Coordinates should be taken from the entrance of the church, or approximate location within the building if possible.

At the very least, two photos should be added, that you have taken yourself - one close up of the object and another of the general area with the object in view if possible. Additional photos are always a bonus.

Any other unusual wooden object will be considered by the officers. Their decision will be final.

We will NOT accept objects which have their own category, such as Churches, Lych gates, Crosses (including Outside Stations of the Cross), Windows, Bells, Towers, Clocks, Sundials etc - (exceptions may be made on a case by case basis, but these items will have to be really exceptional) .
Please give an explanation for reasons the waymark is exceptional, and should be included, in the Private Message section of your submission.

Naming convention - Name of Object - Name of Church - Town/City, State/Province/County and/or Country


Given that Waymarking is an activity enjoyed globally, we will happily accept Waymarks in any language, as long as an English translation is included for, at least, the Long Description.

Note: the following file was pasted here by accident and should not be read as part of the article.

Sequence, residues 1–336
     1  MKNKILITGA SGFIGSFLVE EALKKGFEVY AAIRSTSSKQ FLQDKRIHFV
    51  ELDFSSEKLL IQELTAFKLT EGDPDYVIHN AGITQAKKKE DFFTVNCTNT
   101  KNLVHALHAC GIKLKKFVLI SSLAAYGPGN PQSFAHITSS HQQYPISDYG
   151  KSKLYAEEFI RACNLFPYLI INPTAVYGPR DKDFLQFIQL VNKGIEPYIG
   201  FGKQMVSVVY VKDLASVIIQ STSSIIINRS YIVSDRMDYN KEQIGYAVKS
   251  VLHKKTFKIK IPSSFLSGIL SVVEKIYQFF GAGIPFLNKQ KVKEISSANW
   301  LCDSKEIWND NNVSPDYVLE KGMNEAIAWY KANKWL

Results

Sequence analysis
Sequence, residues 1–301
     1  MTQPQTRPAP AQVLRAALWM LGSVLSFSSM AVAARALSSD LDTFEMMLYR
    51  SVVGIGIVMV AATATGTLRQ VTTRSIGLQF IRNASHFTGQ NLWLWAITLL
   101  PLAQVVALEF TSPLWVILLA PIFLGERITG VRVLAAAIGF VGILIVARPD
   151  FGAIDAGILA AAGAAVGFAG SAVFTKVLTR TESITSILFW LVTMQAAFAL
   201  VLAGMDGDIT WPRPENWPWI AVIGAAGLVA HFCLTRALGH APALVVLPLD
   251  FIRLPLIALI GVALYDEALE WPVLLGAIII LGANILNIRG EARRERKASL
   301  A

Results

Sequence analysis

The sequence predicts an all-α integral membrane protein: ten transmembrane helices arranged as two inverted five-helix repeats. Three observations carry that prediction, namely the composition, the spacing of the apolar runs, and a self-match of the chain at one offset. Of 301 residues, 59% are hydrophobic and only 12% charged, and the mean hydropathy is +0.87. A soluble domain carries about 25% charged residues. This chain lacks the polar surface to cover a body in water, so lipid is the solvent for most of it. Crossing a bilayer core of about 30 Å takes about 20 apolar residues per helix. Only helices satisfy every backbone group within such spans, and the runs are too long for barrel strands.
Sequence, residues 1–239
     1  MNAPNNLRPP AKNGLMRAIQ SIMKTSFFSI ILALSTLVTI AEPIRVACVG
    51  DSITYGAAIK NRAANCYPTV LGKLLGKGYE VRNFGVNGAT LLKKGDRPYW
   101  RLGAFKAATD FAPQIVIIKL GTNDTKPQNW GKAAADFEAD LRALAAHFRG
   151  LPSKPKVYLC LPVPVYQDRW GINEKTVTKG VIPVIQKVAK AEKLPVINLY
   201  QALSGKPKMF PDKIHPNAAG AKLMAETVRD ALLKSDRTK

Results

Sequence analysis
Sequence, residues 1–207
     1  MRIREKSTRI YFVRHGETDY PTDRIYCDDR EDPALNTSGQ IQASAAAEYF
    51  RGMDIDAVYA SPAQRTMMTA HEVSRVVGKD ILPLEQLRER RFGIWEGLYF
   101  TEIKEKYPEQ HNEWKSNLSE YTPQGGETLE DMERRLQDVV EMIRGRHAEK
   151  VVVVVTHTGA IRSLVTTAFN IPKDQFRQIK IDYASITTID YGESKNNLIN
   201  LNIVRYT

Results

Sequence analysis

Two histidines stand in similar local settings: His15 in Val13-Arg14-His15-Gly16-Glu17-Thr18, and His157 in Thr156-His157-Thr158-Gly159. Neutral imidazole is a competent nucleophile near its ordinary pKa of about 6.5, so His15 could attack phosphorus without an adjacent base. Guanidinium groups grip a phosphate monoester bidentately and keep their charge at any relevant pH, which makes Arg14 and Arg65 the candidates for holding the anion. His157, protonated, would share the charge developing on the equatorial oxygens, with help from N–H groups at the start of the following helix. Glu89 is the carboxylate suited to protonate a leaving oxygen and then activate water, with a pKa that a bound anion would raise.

Instructions for Visiting a Waymark in this Category:

Please supply an original picture when visiting this waymark, and write something about your visit.
 

Category Settings:
  • Waymarks can be added to this category
  • New waymarks of this category are reviewed by the category group prior to being published
  • Category is visible in the directory
Variables:
  • Approximate age of artefact (Year)
  • Relevant website
  • Times available for viewing
  • Entrance fee (if applicable), local currency
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Image for Chaire église St Just Arbois, Franceview gallery

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Wooden Church ArtefactsChaire église St Just Arbois, France

in Wooden Church Artefacts

La chaire à prêcher en chêne et tilleul sculpté date de la première moitié du XVIIIe siècle / The preaching chair in oak and carved lime dates from the first half of the 18th century

posted by: Groundspeak Premium Member Gatinaise

location: Bourgogne-Franche-Comté, France

date approved: 6/20/2020

last visited: 6/25/2020

Premium Member Downloads: download.GPX Lite File       download.LOC File       download .KML File (Google Earth)